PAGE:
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South Korean superstar Lee Seung Yeop was introduced at a press conference on Tuesday after joining the Lotte Marines on a two-year, 500 million yen deal.

News photoLee Seung Yeop, who hit 56 home runs last season in South Korea to establish a new Asian record, smiles as he is introduced to the media in Chiba after signing a two-year contract with the Marines.

“I won’t forget what I’ve achieved in South Korea and I plan to give it my all with the spirit of a rookie,” said Lee at a Chiba hotel attended by some 100 reporters, including a large contingent from South Korea.

“The reason I chose the Marines is because they were the first team to approach me and I wanted to play under American manager Bobby Valentine,” Lee said.

The 27-year-old slugger, who declared free agency from the Samsung Lions this past season, hit 56 home runs to set a new Asian single-season mark in 2003 and was selected as the Most Valuable Player for the fifth time.

Lee said he is impressed with the control of Japanese pitchers but will aim high — a .290 average with at least 30 homers next season.

Lee, who will wear jersey No. 36, went to view Chiba Marine Stadium earlier in the day along with his wife and later formally concluded the signing of his contract, which includes a signing bonus of 100 million yen and an annual salary of 200 million yen.

Probe requested

The Yomiuri Giants are in hot water after the Japan Pro Baseball Players’ association on Tuesday called for a probe into the recent negotiations of right-handers Koji Uehara and Yusaku Iriki, saying the Central League club failed to recognize the roles of their agents during contract talks.

The association, headed by Yakult Swallows veteran catcher Atsuya Furuta, sent a letter to the Japan pro baseball commissioner’s office, demanding a retraction from the Tokyo-based team and requesting an inquiry be the topic of discussion at a committee meeting to be held next Monday.

Specifically, the association would like to confirm that Yomiuri allows its players to use agents during talks and moreover does not discriminate against those wishing to do so.

The probe will also examine whether any of the other 11 professional baseball clubs treat players who wish to use agents in negotiations unfairly.

Finally, the association will ask the Japan pro baseball organization to report to it the findings of a thorough investigation into the negotiations of Uehara and Iriki.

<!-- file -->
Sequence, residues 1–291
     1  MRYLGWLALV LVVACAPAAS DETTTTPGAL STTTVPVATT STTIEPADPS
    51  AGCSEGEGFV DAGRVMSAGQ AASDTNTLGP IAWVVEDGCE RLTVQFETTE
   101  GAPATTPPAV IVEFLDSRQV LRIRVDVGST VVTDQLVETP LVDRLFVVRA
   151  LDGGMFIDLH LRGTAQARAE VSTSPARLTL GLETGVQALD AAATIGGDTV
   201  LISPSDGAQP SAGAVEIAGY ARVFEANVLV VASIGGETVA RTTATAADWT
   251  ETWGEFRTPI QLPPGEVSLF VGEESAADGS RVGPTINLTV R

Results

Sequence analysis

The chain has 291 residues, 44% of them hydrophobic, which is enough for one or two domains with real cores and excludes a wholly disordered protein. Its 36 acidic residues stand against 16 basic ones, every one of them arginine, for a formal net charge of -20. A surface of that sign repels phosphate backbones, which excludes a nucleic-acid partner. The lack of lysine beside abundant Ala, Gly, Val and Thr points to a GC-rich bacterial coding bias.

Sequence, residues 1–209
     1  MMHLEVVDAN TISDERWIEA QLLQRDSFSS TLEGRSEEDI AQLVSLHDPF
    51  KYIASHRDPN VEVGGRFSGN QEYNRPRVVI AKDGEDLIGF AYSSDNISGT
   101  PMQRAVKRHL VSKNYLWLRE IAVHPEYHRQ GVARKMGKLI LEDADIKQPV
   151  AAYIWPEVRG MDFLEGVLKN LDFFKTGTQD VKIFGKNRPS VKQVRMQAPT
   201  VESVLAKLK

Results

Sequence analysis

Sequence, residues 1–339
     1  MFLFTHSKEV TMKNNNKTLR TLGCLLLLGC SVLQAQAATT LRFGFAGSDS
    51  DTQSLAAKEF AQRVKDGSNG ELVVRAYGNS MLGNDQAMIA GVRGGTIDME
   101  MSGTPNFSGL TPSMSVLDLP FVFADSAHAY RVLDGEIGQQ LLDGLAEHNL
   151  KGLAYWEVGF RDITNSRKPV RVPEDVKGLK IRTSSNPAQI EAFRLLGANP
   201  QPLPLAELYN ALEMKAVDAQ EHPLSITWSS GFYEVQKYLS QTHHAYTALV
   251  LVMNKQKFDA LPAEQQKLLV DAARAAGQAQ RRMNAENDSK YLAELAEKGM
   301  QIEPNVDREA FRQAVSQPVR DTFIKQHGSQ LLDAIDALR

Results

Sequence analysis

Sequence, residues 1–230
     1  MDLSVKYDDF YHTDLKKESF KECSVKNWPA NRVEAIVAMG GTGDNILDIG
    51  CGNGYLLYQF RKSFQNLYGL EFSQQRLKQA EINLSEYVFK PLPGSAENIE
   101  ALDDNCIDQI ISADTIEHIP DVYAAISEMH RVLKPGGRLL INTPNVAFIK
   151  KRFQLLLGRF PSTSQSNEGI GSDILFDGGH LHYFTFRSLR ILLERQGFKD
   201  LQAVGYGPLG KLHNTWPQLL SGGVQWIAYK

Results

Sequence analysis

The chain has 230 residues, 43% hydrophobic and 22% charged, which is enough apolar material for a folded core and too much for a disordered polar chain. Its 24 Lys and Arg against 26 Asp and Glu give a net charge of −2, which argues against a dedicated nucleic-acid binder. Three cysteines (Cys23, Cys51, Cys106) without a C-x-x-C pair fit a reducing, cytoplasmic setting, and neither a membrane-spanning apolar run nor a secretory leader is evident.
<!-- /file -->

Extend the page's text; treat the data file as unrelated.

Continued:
The association has not ruled out taking legal action against Yomiuri depending on the team’s response.

In the case of Uehara, after meeting with the 28-year-old and his agent Kimihito Kato on five occasions and concluding a one-year, 300 million yen deal, Yomiuri allegedly claimed that Kato was simply an adviser — never an agent in the process.

As for Iriki, the association argues the team got rid of the 31-year-old by trading him to the Nippon Ham Fighters, rather than go through the hassle of dealing with his agent.

New deal for Kiyohara

Fifteen-time All-Star Kazuhiro Kiyohara, who will be entering the third year of a four-year contract, signed a deal with the Central League club on Tuesday carrying an annual salary of 450 million yen plus incentives for next season.

Sheets re-signs

HIROSHIMA (Kyodo) Hiroshima Carp utility infielder Andy Sheets agreed to a new one-year contract carrying an annual salary of $1.3 million (about 142 million yen) in addition to incentives for next season, officials of the Central League club said Tuesday.

Noguchi to stay

NAGOYA (Kyodo) Chunichi Dragons southpaw Shigeki Noguchi on Tuesday re-signed with the Central League club for 126 million yen and will receive the same amount of salary next season, baseball officials said.

In other Japan baseball news:

Seibu Lions ace right-handed closer Kiyoshi Toyoda received a 70 million yen pay raise and will earn 230 million yen next season.

The 32-year-old Toyoda, who had 38 saves to claim the Most Valuable Reliever title for the second consecutive year, becomes the Lions’ highest paid pitcher.

Yakult Swallows slugger Alex Ramirez re-signed with the team for next season for a salary of 200 million yen plus performance-related incentives — an increase of 55 million yen.

Nippon Ham Fighters outfielder Tomochika Tsuboi re-signed for 110 million yen for next — double the amount he made this year.

Right-hander Kenjiro Kawasaki, who has not made a single top-team appearance for the past three years due to a pain in the shoulder of his throwing arm, accepted a 50 million yen pay cut in re-signing with the Chunichi Dragons.

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